Beginner at jogging

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Old 03-28-2012, 11:57 PM
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Default Beginner at jogging

I have wanted to become a runner for quite some time. However, I am so intimidated by it. I have begun to walk six miles a day and am hoping that this will get me in enough shape to be able to jog half of it. I was just looking for some words of advice since I am starting out.
Also there is a 5K in my hometown this September. Is it unreasonable to think that if I begin now I might be able to participate? Thanks.
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Old 03-29-2012, 02:13 AM
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Couch to 5K-Best program on the web.
Start incorporating some jogging into your walks now. There really is not much carry-over between walking and jogging/running. You use the leg muscles in different ways and you don't have to deal with impact forces when walking.

Doing a 5K in Sept. is very doable, even a 10K is not out of the question.
Good luck.
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Old 03-29-2012, 04:09 AM
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Shannon,

I am pretty new to jogging also- just the last couple of weeks in fact. I have never purposefully jogged before and never thought I would, but I want to increase my calorie burn so decided to go for it.

When I started exercising I started by walking on a treadmill at a low 3.0-3.5 pace for an hour. To start with I was walking about 2 miles. I gradually increased my pace until I was walking at 4.1 and was walking 4 miles in an hour. I needed to get my endurance level up because I had not been active for so long.

I recently started adding jogging to my workout. At first I would walk 5 minutes and then jog 2-3 minutes and during an hour workout 20 minutes of it would be jogging. Today I alternated 5 minutes walking, 5 minutes jogging and was jogging for 30 minutes of the workout and went 4.5 miles. I plan to keep increasing my jogging time gradually until I run longer blocks of time without having to slow down as often. Then I will work on increasing my speed a bit more. Right now I jog pretty slowly (a 4.8 on the treadmill) but it feels great to know that I can do that.

I think if you gradually add jogging intervals in you will get where you want to be. Just listen to your bodies signals and be sure to warm up, cool down, and stretch.
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Old 03-29-2012, 08:50 AM
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Talking beginner at jogging

Thanks so much for the guidance handcycle and terrienne.
I am excited to give it a try today! Thanks again!
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Old 03-29-2012, 12:20 PM
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Shannon,

I'm a late in life jogger / runner, and can't recommend it enough. I didn't think I could run a mile, and the first time I realized I had done a ten minute mile, I couldn't believe it - I just finished five of them this morning, and while that is high for endurance for me, it was not the speed that challenged.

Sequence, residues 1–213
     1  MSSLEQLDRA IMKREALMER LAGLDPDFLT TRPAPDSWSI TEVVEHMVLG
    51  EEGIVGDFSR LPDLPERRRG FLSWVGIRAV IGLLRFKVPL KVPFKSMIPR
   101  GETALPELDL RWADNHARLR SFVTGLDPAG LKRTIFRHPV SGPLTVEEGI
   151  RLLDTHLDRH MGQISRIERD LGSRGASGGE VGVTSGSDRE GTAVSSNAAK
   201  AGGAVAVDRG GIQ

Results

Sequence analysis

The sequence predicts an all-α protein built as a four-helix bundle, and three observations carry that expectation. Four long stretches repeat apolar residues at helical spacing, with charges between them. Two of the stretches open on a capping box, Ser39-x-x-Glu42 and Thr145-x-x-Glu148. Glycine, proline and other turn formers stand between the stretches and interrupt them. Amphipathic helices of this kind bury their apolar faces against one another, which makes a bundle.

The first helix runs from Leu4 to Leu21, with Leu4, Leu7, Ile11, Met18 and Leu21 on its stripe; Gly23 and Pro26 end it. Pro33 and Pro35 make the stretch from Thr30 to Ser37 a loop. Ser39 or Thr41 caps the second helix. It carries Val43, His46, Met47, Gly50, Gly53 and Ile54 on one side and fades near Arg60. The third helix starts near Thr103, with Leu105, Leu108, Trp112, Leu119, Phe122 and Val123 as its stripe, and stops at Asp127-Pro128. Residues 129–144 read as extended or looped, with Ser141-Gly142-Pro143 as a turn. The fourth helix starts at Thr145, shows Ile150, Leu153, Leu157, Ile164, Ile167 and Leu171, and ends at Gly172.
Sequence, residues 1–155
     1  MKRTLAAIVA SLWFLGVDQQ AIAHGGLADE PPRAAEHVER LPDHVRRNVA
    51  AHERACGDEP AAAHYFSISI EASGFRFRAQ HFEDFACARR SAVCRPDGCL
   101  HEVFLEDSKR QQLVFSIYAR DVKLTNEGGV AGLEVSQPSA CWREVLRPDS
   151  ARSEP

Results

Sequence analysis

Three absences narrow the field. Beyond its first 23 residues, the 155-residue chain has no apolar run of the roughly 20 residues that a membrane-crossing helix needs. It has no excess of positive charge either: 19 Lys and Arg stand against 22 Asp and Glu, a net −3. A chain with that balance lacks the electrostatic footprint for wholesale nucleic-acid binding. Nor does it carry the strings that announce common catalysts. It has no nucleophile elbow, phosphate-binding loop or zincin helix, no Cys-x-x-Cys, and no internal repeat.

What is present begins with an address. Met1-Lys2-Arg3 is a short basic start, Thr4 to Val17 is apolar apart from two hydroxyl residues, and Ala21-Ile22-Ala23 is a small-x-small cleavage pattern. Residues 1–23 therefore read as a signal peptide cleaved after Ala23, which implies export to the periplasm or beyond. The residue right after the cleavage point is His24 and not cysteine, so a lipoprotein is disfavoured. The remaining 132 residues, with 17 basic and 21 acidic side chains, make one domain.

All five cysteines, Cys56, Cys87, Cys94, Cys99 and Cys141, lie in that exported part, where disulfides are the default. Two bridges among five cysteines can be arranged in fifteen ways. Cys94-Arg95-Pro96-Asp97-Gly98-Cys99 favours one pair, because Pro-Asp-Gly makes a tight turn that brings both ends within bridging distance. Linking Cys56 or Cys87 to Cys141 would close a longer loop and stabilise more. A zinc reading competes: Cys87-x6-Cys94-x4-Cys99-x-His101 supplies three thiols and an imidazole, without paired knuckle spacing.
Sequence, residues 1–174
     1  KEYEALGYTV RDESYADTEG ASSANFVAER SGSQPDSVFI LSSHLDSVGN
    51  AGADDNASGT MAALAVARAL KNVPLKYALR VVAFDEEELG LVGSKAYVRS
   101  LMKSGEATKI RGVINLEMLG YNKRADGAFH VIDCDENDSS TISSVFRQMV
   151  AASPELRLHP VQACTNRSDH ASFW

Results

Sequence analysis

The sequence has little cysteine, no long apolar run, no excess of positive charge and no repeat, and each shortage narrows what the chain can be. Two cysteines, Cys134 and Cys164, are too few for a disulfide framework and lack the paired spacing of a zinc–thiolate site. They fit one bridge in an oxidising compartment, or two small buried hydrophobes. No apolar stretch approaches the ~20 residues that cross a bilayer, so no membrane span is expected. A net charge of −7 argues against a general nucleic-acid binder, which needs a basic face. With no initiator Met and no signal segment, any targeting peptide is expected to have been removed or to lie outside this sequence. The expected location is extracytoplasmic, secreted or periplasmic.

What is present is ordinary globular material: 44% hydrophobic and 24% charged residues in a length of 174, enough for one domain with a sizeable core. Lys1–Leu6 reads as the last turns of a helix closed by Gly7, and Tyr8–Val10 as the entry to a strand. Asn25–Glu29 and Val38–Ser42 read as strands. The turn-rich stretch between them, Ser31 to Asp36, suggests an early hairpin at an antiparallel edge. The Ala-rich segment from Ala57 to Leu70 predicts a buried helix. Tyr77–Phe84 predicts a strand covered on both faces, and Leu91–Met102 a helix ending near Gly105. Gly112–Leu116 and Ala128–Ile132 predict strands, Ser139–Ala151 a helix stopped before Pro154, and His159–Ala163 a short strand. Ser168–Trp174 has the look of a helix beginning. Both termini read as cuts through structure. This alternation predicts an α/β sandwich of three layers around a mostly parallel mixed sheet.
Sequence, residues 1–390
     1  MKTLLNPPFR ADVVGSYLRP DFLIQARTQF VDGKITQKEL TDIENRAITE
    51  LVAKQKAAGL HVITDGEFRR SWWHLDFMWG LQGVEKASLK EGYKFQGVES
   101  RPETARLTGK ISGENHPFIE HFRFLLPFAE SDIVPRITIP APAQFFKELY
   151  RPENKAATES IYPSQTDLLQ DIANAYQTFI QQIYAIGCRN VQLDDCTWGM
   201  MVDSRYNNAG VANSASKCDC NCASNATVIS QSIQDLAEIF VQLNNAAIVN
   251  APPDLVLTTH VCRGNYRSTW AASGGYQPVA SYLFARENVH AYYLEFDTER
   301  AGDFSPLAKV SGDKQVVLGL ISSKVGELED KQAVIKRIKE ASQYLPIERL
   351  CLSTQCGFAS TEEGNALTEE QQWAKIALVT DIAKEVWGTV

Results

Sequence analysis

The runner's high is real (I'm on it right now) enjoy this gift!

Abby
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Old 03-29-2012, 12:51 PM
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I've found that the runner's high only kicks in after I'm in sufficient shape. First I have to overcome the suffering of getting into condition. In fact when I was a tub-o-lard, it took me three months of running until I finally started to get into condition and experience the affect.

But I prefer the biker's high because it lasts for longer (I can easily go all out on the bike for 3X as long).
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Old 03-30-2012, 05:03 PM
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Hi Shannon, congratulations on six miles walking everyday.
That is a great start to prepare yourself for running. I ran for a few years and started off slowly. My initial target was ten minutes, and it took me a few weeks to start increasing that. I ran a half marathon just over a year later, so a 5k is definitely doable. To begin with I used to run in the park, eventually I ran around the streets. I found that the thought of running made me very self conscious, but once I started I was so focused that I didn't care what anyone thought.
Make sure you invest in a decent pair of running shoes, and take a water bottle with you. Take it easy, and good luck.
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Old 04-25-2012, 10:20 AM
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Keep your body upright, without tensing up, while running and look straight ahead instead of bending down. Donít stoop your shoulders, or your upper & lower back, as it causes more strain on your neck. Keep your arms relaxed, without clenching your fists, and allow for a smooth movement that goes in tune with your strides.
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Old 04-26-2012, 12:03 PM
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Ditto to the C25k. I did that a few years ago and loved it. 9 weeks and you are running a 5 K. There are all kinds of apps and podcasts that can help as well. I just recently finished the pooch25K and now running with my dog 5 K 3 times a week. 5K by Sept is very do-able.
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